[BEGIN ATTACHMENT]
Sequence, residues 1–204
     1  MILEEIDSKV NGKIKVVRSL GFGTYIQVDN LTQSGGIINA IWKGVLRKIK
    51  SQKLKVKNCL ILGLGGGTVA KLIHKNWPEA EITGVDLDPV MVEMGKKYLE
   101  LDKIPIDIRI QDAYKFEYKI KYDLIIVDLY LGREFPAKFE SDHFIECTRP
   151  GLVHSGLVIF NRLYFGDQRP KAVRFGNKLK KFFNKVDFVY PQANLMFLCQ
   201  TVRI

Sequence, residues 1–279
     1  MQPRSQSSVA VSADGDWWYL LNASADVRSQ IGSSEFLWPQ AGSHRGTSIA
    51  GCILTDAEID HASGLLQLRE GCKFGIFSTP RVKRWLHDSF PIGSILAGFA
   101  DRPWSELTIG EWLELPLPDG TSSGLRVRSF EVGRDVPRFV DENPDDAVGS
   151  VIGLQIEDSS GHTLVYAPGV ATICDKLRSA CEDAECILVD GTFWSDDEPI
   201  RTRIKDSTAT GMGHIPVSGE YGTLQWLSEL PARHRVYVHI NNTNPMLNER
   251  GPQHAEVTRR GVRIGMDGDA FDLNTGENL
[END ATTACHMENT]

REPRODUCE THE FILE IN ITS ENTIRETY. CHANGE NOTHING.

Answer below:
Sequence, residues 1–204
     1  MILEEIDSKV NGKIKVVRSL GFGTYIQVDN LTQSGGIINA IWKGVLRKIK
    51  SQKLKVKNCL ILGLGGGTVA KLIHKNWPEA EITGVDLDPV MVEMGKKYLE
   101  LDKIPIDIRI QDAYKFEYKI KYDLIIVDLY LGREFPAKFE SDHFIECTRP
   151  GLVHSGLVIF NRLYFGDQRP KAVRFGNKLK KFFNKVDFVY PQANLMFLCQ
   201  TVRI

Sequence, residues 1–279
     1  MQPRSQSSVA VSADGDWWYL LNASADVRSQ IGSSEFLWPQ AGSHRGTSIA
    51  GCILTDAEID HASGLLQLRE GCKFGIFSTP RVKRWLHDSF PIGSILAGFA
   101  DRPWSELTIG EWLELPLPDG TSSGLRVRSF EVGRDVPRFV DENPDDAVGS
   151  VIGLQIEDSS GHTLVYAPGV ATICDKLRSA CEDAECILVD GTFWSDDEPI
   201  RTRIKDSTAT GMGHIPVSGE YGTLQWLSEL PARHRVYVHI NNTNPMLNER
   251  GPQHAEVTRR GVRIGMDGDA FDLNTGENL